In the 14th century, Europeans lived in fear of the plague and demanded life across the continent. By 2020, Europeans face the threat of the coronavirus, a pandemic that has killed more than 728,000 people worldwide.
Although much about life has changed between the two cataclysmic health crises, one thing has not: humanity’s thirst for wine.
Between the wrath of black death in the 14th century and the Italian plague of the 17th century, wine merchants in the Italian region of Tuscany built “wine windows”
The socially remote precaution was premature.
“It’s pretty amazing, because people did not know about bacteria at the time,” said Mary Forrest, one of the founders of the Associazione Buchette del Vino, or Wine Association. The association is a non-profit organization that was founded five years ago to document and protect the historical structures. “People did not know where the plague came from; they did not discover it until later, she says.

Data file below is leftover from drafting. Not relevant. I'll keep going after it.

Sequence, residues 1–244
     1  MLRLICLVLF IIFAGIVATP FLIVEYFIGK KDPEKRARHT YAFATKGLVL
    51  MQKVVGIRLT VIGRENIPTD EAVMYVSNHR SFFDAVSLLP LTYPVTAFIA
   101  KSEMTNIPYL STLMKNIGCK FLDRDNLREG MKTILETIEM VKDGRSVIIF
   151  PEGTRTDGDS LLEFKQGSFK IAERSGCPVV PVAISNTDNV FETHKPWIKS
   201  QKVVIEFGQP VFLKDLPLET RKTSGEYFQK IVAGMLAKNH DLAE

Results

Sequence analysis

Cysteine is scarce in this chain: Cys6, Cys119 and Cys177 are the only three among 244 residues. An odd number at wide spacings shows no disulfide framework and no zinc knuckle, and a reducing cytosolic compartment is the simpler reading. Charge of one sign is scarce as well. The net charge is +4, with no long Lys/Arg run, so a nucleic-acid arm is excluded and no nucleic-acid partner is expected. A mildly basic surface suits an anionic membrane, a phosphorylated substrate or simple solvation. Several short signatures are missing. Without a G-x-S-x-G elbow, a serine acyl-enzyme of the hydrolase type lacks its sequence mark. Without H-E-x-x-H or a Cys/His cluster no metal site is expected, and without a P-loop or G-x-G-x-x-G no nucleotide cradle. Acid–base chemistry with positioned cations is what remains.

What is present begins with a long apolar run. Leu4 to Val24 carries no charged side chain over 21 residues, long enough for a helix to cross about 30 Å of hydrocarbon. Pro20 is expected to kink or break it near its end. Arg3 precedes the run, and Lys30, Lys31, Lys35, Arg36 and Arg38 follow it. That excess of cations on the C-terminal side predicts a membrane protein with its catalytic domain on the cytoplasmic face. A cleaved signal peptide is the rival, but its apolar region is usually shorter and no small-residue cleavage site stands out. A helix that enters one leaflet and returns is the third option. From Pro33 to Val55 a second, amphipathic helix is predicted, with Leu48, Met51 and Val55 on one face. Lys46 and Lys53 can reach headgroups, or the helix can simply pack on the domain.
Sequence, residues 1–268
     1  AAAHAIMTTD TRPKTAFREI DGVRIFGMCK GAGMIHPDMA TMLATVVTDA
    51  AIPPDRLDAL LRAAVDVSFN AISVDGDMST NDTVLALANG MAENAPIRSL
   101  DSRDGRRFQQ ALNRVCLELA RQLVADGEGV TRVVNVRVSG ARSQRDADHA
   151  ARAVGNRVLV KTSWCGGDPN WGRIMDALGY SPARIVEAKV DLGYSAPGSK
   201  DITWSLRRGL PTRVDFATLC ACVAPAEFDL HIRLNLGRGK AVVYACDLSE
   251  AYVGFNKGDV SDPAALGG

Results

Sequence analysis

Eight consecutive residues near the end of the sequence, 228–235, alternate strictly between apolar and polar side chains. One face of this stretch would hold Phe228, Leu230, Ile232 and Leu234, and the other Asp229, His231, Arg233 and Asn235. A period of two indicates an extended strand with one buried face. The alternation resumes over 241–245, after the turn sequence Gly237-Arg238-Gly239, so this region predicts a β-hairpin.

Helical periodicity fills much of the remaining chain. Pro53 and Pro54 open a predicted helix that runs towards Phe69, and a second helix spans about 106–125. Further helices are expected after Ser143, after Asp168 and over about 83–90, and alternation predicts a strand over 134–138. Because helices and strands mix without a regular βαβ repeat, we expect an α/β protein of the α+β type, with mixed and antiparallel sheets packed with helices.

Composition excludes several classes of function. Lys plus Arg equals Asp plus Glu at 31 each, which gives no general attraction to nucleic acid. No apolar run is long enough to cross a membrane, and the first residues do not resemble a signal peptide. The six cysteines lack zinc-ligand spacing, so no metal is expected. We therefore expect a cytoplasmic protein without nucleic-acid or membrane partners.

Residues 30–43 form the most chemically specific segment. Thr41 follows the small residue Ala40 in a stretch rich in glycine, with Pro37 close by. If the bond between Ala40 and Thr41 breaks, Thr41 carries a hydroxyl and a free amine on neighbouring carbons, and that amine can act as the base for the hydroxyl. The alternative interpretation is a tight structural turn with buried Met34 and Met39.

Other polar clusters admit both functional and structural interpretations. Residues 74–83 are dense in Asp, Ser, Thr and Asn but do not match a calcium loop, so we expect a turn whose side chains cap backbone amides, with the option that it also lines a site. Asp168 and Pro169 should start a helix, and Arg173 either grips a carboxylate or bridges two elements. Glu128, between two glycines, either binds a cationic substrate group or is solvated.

Windows have fallen out of fashion over the centuries, but the coronavirus outbreak has inspired their comeback. Companies in Florence are reopening their wine windows to sell wine, cocktails, gelato and coffee, Lonely Planet reported.
In May, Osteria Delle Brache posted a restaurant and carried photos on its Facebook page of an employee who passed an Aperol spritz through his wine window, marked with an Associazione Buchette del Vino bronze plaque confirming its authenticity. “We continue the traditions,” it says in the post.
Travelers looking for the historic wine windows can use the Associazione Buchette del Vino interactive map that marks the sites of famous landmarks. The map is updated almost every week, as people hear about their project and contribute. Forrest says they have documented at least 150 in central Florence alone.
Forrest says she is unsure whether the trend will be able to continue to grow because many of the wine windows are not in companies, but in former palaces that are now offices and private family homes. But regardless of whether the wine windows continue to function after the pandemic, travelers can admire them for their individuality.
“It does not seem to be the same,” says Forrest. “There is infinite variety in this very simple thing, and [it] makes you realize that the human imagination knows no bounds. “
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